Iyar embodies gevura.

Is there some connection between the important dates in Iyar and its mighty, heroic nature?

We may answer this by using a famous dictum of R. Avraham Yitzchak Kook (“R. Kook”) about the month of Iyar:3

Gevura, sublime among R. Akiva’s students and subtle among the martyrs of the [Ashkenazic] communities [that were destroyed during this period in medieval times], come together in the treasury of Rashbi’s secrets.

In this dictum, R. Kook connects three different moral foci of the month of Iyar: the overt heroism of R. Akiva’s students, who fought fiercely for spiritual and political independence against the Romans in Bar Kokhba’s forces, and the hidden heroism of the martyrs of Speyer, Worms and Mainz,4 who died to sanctify God’s name in the Crusades. These two endeavors unite in the enterprise of Rashbi, R. Akiva’s student,5 who was pursued by the Romans because of his part in the insurrection, and he hid in a cave, where he occupied himself with the study of the mystical Torah.

2 Kehillat Yaakov, based on R. Hayim Vital’s glosses on the Zohar, Shemot 11b, noting that the numerical value of Iyar (1+10+10+200) is “Da gevura” ([4+1] + [3+2+6+200+5]). In his Igra De-khala, R. Tzvi Elimelekh Spira of Dinev, author of Benei Yissaskhar, nter alia, writes (Noach 11) that while Marcheshvan embodies the aspect of female gevura, Iyar embodies the aspect of male gevura. 3 R. Kook, Meged Yerachim, monthly dicta for the “Eretz Ha-tzvi” calendar from the year 5674 (1913-14). 4 In Iyar of 4856 (1096), c. 12,000 Jews were killed in Europe during the First Crusade, due to their refusal to convert to Christianity. 5 The Rambam writes (Introduction to Commentary on the Mishna): “Throughout the Mishna, the Rabbi Shimon mentioned without any other title or patronymic is Rabbi Shimon ben Yochai, Rabbi Akiva’s student, whose issue with the emperor is well-known.”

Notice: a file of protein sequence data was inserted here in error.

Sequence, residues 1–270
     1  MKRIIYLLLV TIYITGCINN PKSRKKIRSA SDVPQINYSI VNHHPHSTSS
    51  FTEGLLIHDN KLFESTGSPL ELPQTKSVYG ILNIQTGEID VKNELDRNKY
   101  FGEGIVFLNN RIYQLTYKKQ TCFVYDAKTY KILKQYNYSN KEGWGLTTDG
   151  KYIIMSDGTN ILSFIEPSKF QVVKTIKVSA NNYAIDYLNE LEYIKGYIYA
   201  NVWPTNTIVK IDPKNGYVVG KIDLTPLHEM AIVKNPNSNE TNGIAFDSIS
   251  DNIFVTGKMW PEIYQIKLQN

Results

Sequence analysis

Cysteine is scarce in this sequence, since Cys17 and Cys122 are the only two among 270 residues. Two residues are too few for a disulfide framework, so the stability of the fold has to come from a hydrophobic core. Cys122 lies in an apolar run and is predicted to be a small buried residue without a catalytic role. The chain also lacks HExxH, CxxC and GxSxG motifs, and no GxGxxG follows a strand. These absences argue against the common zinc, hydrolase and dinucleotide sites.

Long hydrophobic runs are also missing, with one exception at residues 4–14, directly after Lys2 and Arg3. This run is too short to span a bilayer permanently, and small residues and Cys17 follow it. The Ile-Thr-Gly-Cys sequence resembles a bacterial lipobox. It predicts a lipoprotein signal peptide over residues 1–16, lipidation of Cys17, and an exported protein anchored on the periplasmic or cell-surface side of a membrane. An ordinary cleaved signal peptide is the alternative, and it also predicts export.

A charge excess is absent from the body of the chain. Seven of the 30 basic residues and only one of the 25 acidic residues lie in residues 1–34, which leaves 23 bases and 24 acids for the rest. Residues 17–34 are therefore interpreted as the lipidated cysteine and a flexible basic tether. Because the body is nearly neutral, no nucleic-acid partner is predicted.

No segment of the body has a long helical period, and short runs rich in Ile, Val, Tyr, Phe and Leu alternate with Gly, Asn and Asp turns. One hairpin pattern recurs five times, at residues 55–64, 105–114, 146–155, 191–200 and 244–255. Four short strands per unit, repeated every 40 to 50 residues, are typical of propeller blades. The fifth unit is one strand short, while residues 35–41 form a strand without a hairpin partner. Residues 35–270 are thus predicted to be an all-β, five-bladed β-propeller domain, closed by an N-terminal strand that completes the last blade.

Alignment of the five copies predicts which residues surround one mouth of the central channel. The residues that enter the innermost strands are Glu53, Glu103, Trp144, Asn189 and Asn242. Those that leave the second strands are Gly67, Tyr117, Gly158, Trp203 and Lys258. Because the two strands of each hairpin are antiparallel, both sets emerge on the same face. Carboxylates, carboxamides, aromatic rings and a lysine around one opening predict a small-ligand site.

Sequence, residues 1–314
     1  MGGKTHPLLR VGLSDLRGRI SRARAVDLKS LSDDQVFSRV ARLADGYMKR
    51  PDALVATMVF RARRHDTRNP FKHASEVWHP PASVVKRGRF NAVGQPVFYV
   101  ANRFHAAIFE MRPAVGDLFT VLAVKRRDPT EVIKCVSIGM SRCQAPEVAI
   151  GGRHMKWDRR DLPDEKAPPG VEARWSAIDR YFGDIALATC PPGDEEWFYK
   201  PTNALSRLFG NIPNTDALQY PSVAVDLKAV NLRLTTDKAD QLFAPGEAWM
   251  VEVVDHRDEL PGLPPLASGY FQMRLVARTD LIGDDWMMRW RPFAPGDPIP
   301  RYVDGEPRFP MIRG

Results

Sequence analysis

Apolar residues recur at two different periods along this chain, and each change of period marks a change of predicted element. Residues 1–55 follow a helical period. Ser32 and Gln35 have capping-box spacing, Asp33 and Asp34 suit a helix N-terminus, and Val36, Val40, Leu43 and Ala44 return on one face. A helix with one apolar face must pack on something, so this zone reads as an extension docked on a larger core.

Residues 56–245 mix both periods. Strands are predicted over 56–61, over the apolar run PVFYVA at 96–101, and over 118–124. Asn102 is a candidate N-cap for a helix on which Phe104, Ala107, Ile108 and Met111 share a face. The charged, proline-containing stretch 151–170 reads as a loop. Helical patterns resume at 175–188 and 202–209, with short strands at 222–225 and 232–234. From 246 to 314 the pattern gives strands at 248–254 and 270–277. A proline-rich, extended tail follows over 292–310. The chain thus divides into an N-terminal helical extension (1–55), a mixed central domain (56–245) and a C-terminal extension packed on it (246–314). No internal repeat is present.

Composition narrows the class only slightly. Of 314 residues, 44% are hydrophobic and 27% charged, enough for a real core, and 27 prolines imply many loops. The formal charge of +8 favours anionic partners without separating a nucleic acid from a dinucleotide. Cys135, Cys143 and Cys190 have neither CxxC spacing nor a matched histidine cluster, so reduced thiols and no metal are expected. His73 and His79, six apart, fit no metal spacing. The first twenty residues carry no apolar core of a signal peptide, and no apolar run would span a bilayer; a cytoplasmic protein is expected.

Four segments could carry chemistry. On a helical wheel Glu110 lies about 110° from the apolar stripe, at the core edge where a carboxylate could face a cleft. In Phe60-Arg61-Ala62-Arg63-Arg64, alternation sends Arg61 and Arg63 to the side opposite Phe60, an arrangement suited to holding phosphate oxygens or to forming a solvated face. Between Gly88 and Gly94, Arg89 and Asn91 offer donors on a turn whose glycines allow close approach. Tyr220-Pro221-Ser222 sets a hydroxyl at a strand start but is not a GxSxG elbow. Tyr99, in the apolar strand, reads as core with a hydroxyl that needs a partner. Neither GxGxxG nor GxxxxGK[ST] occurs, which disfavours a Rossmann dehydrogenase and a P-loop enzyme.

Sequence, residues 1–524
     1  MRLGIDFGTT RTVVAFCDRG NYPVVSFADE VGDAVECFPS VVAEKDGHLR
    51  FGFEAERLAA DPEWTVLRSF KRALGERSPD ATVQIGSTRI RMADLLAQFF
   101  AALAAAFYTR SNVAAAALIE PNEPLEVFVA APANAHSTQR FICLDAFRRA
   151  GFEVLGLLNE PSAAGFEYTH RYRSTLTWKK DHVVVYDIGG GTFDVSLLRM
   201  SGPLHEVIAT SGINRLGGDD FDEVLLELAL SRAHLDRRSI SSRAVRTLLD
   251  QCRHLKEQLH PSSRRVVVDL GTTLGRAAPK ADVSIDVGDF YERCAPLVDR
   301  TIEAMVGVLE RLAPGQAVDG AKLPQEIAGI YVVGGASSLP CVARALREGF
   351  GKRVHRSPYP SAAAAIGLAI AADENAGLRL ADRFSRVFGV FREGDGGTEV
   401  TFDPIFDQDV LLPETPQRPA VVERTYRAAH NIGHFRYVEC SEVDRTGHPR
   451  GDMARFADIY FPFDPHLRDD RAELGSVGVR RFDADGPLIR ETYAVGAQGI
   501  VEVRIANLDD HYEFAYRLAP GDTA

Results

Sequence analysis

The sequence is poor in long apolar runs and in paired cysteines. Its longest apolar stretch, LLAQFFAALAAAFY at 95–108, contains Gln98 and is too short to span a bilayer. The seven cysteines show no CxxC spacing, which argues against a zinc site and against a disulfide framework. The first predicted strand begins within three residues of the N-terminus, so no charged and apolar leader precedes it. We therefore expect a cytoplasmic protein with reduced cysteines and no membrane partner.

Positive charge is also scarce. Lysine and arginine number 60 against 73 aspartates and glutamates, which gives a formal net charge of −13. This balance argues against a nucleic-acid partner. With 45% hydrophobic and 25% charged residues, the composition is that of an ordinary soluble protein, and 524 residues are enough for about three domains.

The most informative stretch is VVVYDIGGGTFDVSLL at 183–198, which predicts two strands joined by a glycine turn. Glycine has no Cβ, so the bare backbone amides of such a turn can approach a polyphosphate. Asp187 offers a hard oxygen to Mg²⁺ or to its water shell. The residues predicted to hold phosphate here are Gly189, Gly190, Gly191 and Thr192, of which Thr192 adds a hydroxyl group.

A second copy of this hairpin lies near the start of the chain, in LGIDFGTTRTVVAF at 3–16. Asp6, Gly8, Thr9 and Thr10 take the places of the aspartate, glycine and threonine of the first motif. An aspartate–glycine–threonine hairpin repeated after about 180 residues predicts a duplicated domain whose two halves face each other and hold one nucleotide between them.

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In divine Providence there is a glorious historical coincidence of the events of national renewal and heroism in the contemporary era – Yom Ha-atzma’ut and Yom Yerushalayim, which fall in the month of Iyar – and the events of heroism in the month of Iyar in the distant past.

Beyond the common denominator between the different events of gevura, there is an ingredient, additional and deeper, which is tied to Rashbi’s revelation of the esoteric discipline that R. Kook mentions in his dictum, and which we will try to understand.

Jewish heroism combines the spiritual and physical dimensions

There is an additional event which occurs in the month of Iyar: the anniversary of the war with Amalek (though we do not have the custom of marking the date): 6

On the twenty-third of Iyar, they journeyed from Alush and came to Refidim, and there they were given a well, fought Amalek, and spent their second Shabbat.

The first war with Amalek occurred about a month after the Exodus from Egypt and the splitting of the Red Sea. This war is the first event in history in which the Jewish people fought as a nation, not as a clan or tribe. In the course of this battle, Jewish national gevura was manifest.